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How to remove dye transfer stains on leather

Dye transfer from jeans or other clothing on leather is a common issue in modern day automotive and furniture leather. This is obviously more noticeable on light coloured leathers like white or Ivory. The discolouration is caused by a wide variety of clothing and accessories like jackets, trousers, pants and belts. Denim, stretch fabrics and other types of fabrics may transfer dyes that are not fixed.

Heavy dye transfer on furniture leather.
Dye from jeans and discolouration from a belt on car seats.

In most cases, the dye transfer can be removed by a simple cleaning process. If you wait too long, the dye penetrates into the leather surface making it impossible to remove such stains with conventional water based leather cleaners.

As with anything, it is best to attempt cleaning with the least aggressive product first. We recommend trying with COLOURLOCK Strong Leather Cleaner and the COLOURLOCK Leather Cleaning Brush initially to remove dye transfer stains. If this doesn’t solve the problem, it is likely that the dyes have penetrated the clear coat or top coat. You will need one of our solvent based cleaner called COLOURLOCK GLD Solvent. This product dissolves the clear coat very gently to remove all staining.

Lightly damp a white cloth with GLD-Solvent and carefully clean the stained areas. Golden rule - Always test in a hidden area first! Make sure the cloth has enough product and wipe gently. Repeat this process multiple times until the staining is removed. Ensure the surface is moist as the GLD-Solvent leaves the surface feeling tacky as it evaporates. When tacky, avoid rubbing as this can cause the colour layer to peel off causing more damage. During cleaning, if any colour or paint is removed or staining is still visible it can always be touched up and recoloured with COLOURLOCK Leather Fresh

To avoid further dye transfer stains in future, the leather should be regularly protected with COLOURLOCK Leather Shield. COLOURLOCK Leather Shield offers excellent protection against dye transfer. 


Initially, try with Strong Leather Cleaner & Brush

which can remove stains.

If dye has penetrated, use COLOURLOCK GLD Solvent

Any remaining stains can be adjusted with COLOURLOCK Leather Fresh

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FREQUENTLY ASKED QUESTIONS

 

Is COLOURLOCK Strong Leather Cleaner always first choice?


COLOURLOCK Strong Leather Cleaner is a water-based product. The COLOURLOCK Strong Leather Cleaner is for heavily soiled leather such as leather from vintage cars, furniture in hotels or restaurants etc. As most dye transfer stains are local, there is a fairly good chance stains will come off.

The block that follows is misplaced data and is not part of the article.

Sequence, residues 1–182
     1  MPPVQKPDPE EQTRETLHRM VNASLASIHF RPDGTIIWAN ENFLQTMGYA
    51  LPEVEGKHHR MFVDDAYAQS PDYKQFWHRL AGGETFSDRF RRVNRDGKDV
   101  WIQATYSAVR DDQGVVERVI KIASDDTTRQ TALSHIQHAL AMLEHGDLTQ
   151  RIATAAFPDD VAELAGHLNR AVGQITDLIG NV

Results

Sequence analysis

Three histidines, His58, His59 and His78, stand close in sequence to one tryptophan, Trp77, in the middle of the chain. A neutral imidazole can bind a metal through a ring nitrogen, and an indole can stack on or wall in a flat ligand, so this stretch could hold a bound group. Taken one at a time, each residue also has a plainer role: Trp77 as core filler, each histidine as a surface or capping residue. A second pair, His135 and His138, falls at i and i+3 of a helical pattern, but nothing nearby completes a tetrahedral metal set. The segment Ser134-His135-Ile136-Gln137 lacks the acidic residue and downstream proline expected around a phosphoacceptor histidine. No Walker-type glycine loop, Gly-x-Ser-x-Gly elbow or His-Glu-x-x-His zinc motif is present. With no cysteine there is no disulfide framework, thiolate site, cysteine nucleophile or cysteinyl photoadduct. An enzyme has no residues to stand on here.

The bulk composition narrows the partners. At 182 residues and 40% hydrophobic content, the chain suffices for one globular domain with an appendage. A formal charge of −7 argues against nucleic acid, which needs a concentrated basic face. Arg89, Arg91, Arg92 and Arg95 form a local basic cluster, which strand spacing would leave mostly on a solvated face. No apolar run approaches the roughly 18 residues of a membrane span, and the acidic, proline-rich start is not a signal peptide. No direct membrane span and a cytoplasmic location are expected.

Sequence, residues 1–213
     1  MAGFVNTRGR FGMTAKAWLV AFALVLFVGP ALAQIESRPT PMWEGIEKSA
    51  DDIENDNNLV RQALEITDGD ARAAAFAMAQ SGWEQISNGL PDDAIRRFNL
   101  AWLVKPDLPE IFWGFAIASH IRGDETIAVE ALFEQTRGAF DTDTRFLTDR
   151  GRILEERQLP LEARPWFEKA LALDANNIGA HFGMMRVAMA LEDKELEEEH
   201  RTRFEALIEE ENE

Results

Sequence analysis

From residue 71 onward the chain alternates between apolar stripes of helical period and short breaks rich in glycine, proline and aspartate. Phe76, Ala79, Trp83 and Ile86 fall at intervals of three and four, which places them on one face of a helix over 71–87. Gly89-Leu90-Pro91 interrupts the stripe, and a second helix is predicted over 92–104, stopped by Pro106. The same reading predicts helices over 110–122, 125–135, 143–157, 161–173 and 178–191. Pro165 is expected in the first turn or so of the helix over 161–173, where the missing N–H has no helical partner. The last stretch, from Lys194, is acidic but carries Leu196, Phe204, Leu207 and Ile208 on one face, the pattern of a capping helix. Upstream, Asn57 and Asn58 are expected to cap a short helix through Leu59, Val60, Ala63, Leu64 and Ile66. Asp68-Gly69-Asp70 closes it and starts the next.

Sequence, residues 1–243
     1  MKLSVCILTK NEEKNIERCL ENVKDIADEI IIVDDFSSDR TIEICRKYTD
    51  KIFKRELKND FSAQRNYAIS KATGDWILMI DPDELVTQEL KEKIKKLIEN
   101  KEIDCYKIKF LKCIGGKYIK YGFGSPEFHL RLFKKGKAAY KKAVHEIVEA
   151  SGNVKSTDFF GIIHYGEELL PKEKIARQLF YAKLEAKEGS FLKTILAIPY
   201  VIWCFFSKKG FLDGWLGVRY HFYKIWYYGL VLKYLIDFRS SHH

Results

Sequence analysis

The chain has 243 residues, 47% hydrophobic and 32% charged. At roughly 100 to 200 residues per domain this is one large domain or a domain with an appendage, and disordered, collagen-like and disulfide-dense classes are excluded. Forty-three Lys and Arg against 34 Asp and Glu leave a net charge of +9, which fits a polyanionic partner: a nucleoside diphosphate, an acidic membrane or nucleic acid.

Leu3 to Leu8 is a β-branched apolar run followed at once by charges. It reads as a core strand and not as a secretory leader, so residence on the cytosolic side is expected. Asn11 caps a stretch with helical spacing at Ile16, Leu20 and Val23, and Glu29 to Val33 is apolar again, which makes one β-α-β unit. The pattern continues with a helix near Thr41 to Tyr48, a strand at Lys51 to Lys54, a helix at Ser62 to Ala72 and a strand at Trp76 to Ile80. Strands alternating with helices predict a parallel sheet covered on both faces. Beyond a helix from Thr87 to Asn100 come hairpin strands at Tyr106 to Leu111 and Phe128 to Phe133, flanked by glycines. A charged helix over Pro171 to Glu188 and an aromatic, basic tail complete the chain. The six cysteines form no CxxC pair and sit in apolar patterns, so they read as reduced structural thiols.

How many cleaning attempts do you need with COLOURLOCK Strong Leather Cleaner?


If the stains are removable, two to three cleaning attempts should show good results. If there is no success after two cleaning procedures despite allowing the product to soak for about one to two minutes, the staining has likely penetrated clear coat and can't be removed with water-based cleaners.

Which care products do I use in the future for such leather?


COLOURLOCK Leather Shield is a protection against abrasion, stains and discolouration. If leather is sensitive to discolouration, COLOURLOCK Leather Shield should be used regularly. Traditional care products contain oils and waxes to soften the leather. But they also soften the colour layer and make them somewhat sticky. This promotes soiling and discolouration. As long as the leather doesn't appear to be too dry, COLOURLOCK Leather Shield is the first choice for the contact areas. The rest can be treated as recommended for furniture leather.

What do I do with other types of leather?


There are many types of leather. The recommendation above for leather with discolouration from textiles is for pigmented, monochrome, semi-gloss smooth leather. In case of other leather types, feel free to send us an email with some good photos so we can assist. 

What do I do with synthetic leather?


In case of artificial leather (synthetic leather, vinyl etc.) use COLOURLOCK Vinyl Cleaner. If this doesn't work, GLD Solvent won't help either. Artificial leather has a polyurethane coating and stains that have penetrated this layer cannot just be cleaned - even with a solvent based product. The surface will have to be recoloured with COLOURLOCK Leather Fresh. Depending on the intensity of the stain, specialist products like a Blocker may be required to prevent the stain showing through the paint layer. 


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